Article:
Not to be deterred, by heavy financial losses, The Virginia Company of London sent more colonist and began experimenting with different types of tobacco.  Without getting into the history of tobacco, the raising and cultivating of tobacco became the “goose that laid the golden egg.”  It saved the investors’ money and by 1617, 55,000 pounds of tobacco was sent to England – Whoopee!!  Jamestown could survive by growing and marketing tobacco.

Tobacco fields grew by leaps and bounds throughout Virginia.  But, growing tobacco was a very labor intensive endeavor.  At the time tobacco was becoming “king,” England was encountering a population boom.  What to do with all of these new people.  At first the working class provided the man power.  But then there were not enough of them, so the homeless and unemployed were recruited as indentured servants.

In exchange for four to seven years of their labor, these indentured servants were, fed, clothed and at the completion of their contract, were given ”a bushel of corn for planting,  a new suit of clothes and 100 acres of land”. These newly released indentured servants were now free to earn their own living.

Now here is the rub.  After awhile, these tobacco plantation owners began running out of indentured servants.  After all, employment conditions in England began to improve, so why go to the New World and try to “make it” under the reported harsh living conditions. This left the tobacco barons with only two choices for laborers; exploit/hire Native Americans who could leave and return home, or the second option occurred when a “Dutch” Ship appeared in the Jamestown harbor area (mouth of the James River) in 1619.

This is were the story divergences based upon the resource used.

According to PBS  this Dutch ship had pirated a Spanish ship that held captive Africans.  Depending on the source/reference (PBS, History website or encyclopediavirginia.)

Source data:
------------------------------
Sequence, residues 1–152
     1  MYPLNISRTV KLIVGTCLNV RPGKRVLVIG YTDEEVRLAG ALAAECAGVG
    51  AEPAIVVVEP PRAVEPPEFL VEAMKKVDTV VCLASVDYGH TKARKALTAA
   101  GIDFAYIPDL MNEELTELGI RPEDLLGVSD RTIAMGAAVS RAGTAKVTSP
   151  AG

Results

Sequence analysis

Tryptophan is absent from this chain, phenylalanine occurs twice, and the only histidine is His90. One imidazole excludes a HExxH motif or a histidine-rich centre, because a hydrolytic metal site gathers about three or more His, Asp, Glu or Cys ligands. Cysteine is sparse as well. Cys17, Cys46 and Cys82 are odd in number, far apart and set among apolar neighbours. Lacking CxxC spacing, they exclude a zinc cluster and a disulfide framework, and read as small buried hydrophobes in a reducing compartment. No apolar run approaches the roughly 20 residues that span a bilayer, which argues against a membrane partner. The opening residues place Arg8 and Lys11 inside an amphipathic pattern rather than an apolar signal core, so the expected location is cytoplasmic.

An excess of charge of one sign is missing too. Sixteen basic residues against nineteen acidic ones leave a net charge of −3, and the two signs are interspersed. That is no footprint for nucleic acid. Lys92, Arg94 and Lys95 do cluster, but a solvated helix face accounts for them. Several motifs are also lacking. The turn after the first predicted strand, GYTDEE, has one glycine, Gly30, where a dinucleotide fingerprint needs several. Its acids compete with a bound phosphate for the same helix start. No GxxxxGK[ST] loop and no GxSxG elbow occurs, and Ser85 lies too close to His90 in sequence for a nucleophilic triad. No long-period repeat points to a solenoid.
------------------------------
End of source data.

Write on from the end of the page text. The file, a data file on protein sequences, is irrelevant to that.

However, or state these African captives were stolen from the slave ship San Juan Bautista  by two English privateer ships, the White Lion and the Treasure.

Needing supplies for the ship (White Lion or unnamed Dutch ship,) the British colonists traded food to the Dutchmen/ Englishmen for the enslaved Africans.  “The colonists purchased the Africans, baptized them, and gave them Christian names.”

“…some of these Africans, like their white counterparts, were purchased according to the usual terms for all indentured servants. They and other Africans who were transported to America at this time would become free after their years of service.”  The Virginia Encyclopedia probably has the best write-up of the first African’s traded for food

But purchasing/hiring European and African indentured servants to work the tobacco fields turned out to be an unsustainable endeavor.  After a while, the colonists had a choice to make; continue using indentured servants who one day will become free and compete against the establishment, or, enslave generations of a specific class of people.  I think we all know what their decision became.  By the way, at the time, the English did not classify  themselves white or black. Yes, they recognized people as black and white, but that is not how they were classified.  People were classified according to their standings in society; poor, artisan, gentry, nobility

That all changed with the adoption of race-based slavery. In order words, in the British American colonies, the end of the indentured servant gave rise to the generational enslavement of Africans (“From Nation to Race:  The Origin of Racial Classification in Eighteenth-Century Thought”)

Southern Planters and Black Slaves

Generational Slavery comes to America (Part Seven: The Move to Generational Slavery)